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NTA Vehicles
Bournemouth 202 Huddersfield 541 Belfast 168 Hastings 45 NTA Depot

Wolverhampton 654
Wolverhampton 654

Wolverhampton 654 is the only example of a two-axle trolleybus in the NTA's fleet. It was numerically the last trolleybus in the Wolverhampton fleet, although in practice sister vehicle 652 was the last to be built.

Wolverhampton occupies a trebly significant place in British trolleybus history. It was a British pioneer in the use of this type of vehicle when operation commenced in 1923 and by the late 1920s and early 1930s it had become by some margin the largest trolleybus operator anywhere in the world; many foreign delegations beat a path to its door to see for themselves the attributes and capabilities of this form of public transport. Secondly, the firm of Guy Motors was based in the town and developed a series of trolleybus chassis which were widely adopted by operators in the inter-war years and, to a lesser extent, the post-war era. The Sunbeam Trolleybus Company was also based in the town. Wolverhampton Corporation was understandably supportive of its local industries and steadfastly placed orders for the products of these manufacturers throughout the life of the trolleybus system. 654, a two-axle chassis of type BT built in 1950, was one of the last batch of trolleybus chassis built by Guy, as part of a massive fleet-renewal order for 99 trolleybuses placed by the General Manager, Charles Owen Silvers, shortly before his retirement. 654's double-deck rear-entrance open-platform bodywork is by Park Royal, with 54 seats. A feature of the Guy chassis is the split placement of the electrical contactor equipment, with the series notches being located in the conventional cabinet in the driver's cab and the parallel notches amidships under the lower saloon floor.

Wolverhampton 654

Wolverhampton 654
For the final day of trolleybus operation in Wolverhampton, Sunday 5 March 1967, the Association's preserved Guy BT trolleybus 654 was specially repainted into original livery and operated a members' tour. It is seen in these images between Fighting Cocks and Sedgley, and turning into Stone Street.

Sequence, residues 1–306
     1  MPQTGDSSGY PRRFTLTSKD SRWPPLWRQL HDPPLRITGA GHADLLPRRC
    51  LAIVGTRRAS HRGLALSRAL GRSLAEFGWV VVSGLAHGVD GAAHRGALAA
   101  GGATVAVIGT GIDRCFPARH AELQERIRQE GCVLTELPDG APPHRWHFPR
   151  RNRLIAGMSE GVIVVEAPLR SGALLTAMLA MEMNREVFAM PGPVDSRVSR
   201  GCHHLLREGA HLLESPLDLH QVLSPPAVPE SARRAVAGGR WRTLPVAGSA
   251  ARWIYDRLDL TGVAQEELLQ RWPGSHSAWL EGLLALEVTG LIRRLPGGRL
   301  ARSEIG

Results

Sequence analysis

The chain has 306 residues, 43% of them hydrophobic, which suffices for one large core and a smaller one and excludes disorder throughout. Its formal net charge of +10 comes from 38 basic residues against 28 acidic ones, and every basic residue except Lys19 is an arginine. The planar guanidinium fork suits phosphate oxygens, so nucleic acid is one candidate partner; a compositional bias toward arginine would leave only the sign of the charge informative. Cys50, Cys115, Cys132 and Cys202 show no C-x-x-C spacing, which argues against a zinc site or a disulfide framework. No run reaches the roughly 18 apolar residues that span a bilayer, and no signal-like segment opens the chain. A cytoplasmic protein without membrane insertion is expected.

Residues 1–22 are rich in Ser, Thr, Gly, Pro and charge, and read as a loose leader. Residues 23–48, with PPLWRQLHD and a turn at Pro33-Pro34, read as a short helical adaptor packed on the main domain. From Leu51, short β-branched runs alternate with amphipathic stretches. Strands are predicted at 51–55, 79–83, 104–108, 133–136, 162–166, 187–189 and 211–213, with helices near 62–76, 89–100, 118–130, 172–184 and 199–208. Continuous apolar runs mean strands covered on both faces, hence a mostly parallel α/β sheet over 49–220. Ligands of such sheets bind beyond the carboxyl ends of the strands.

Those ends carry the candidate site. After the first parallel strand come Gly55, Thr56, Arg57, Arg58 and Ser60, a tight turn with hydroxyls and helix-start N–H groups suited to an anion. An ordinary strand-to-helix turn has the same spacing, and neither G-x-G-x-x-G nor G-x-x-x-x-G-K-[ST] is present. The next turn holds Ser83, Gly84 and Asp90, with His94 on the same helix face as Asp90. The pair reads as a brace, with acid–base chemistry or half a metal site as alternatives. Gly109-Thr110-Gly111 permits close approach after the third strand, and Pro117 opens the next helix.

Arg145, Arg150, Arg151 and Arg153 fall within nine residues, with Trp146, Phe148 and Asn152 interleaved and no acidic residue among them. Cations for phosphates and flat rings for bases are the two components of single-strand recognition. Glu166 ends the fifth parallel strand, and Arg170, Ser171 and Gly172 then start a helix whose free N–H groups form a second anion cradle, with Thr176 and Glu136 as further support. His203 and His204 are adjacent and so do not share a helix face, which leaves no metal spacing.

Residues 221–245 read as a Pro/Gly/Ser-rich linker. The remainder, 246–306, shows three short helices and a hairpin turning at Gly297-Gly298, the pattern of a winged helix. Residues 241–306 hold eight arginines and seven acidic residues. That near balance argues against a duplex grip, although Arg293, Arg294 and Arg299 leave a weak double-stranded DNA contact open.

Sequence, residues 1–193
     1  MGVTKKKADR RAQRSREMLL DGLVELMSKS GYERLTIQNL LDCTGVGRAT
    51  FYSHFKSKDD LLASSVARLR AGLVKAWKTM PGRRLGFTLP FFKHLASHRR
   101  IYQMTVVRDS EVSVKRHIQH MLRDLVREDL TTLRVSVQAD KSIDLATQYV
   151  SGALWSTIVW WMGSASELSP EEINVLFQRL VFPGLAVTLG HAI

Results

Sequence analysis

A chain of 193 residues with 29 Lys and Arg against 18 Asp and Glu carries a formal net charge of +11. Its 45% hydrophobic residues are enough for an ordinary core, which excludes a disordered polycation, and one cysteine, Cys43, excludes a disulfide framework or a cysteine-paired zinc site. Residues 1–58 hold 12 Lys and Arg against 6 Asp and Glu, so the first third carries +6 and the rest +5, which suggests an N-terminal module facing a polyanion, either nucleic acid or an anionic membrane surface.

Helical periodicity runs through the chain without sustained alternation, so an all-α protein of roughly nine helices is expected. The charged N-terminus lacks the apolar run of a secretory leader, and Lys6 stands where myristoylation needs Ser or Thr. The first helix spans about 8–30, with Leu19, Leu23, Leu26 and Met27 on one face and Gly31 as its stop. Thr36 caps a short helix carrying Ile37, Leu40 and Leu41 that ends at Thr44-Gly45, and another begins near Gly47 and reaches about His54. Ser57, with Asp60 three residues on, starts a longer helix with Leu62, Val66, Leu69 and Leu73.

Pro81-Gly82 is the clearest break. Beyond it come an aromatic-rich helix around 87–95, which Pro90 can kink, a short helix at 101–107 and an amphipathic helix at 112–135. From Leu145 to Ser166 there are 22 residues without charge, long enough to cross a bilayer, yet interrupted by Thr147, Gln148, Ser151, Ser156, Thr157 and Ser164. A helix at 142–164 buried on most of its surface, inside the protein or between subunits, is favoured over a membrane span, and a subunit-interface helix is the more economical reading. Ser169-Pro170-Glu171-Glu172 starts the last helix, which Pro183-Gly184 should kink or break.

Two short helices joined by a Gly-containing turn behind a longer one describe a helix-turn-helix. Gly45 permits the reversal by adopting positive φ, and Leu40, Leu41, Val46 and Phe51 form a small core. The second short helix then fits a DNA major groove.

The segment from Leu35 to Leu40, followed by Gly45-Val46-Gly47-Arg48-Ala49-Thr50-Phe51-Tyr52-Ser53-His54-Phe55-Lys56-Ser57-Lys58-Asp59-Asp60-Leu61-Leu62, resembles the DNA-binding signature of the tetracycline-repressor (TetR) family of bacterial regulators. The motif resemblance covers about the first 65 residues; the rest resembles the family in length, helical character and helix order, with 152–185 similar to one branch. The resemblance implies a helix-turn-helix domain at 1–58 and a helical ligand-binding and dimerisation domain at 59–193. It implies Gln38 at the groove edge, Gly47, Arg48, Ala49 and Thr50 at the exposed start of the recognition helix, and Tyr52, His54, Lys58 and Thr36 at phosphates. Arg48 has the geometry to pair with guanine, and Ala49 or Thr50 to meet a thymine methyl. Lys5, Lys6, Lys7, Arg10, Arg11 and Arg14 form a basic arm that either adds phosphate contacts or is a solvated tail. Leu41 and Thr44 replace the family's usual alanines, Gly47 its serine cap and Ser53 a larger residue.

(Photos Robin Helliar-Symons)

Another reason for the inclusion of a Wolverhampton trolleybus in the NTA fleet is that the town was effectively the birthplace of the Association, when an inaugural meeting took place at the Dog & Gun public house at Tettenhall on 10 November 1963. Throughout the remaining years of the Wolverhampton system until its final closure on 5 March 1967, the NTA maintained the most cordial relations with the Corporation's transport department, which displayed a benign attitude towards its objectives, resulting in the operation of several of its historic trolleybuses under the remaining wiring and the free use of facilities at Cleveland Road depot for the carrying out of essential work on members of its fleet.

654 was presented to the NTA by the Wolverhampton Corporation in 1965 and subsequently externally repainted into its original livery of apple green and yellow with grey roof. In this condition it operated a last day tour of the system alongside another member of the then NTA fleet, Rotherham Daimler 44.

Wolverhampton 654
Also seen standing at the Dudley terminal setting-down point in Stone Street.
(Photo David Pearson)

After the Wolverhampton closure, 654 was moved to a local Ministry of Defence site where the hopes of secure storage were shattered when all of its windows were broken by vandalism in 1968. As a result, 654 moved to the back of the restoration queue and for many years has been stored in Northamptonshire under ideal conditions, with covered facilities supplemented by a continuous flow of air. As a result, although the bodywork currently appears degraded, its structure is actually very sound.

The NTA Board has resolved that once the present restoration project on Belfast 168 is completed, Wolverhampton 654 will be fully restored and returned to operating condition after languishing for perhaps too long as the Cinderella of the NTA fleet.

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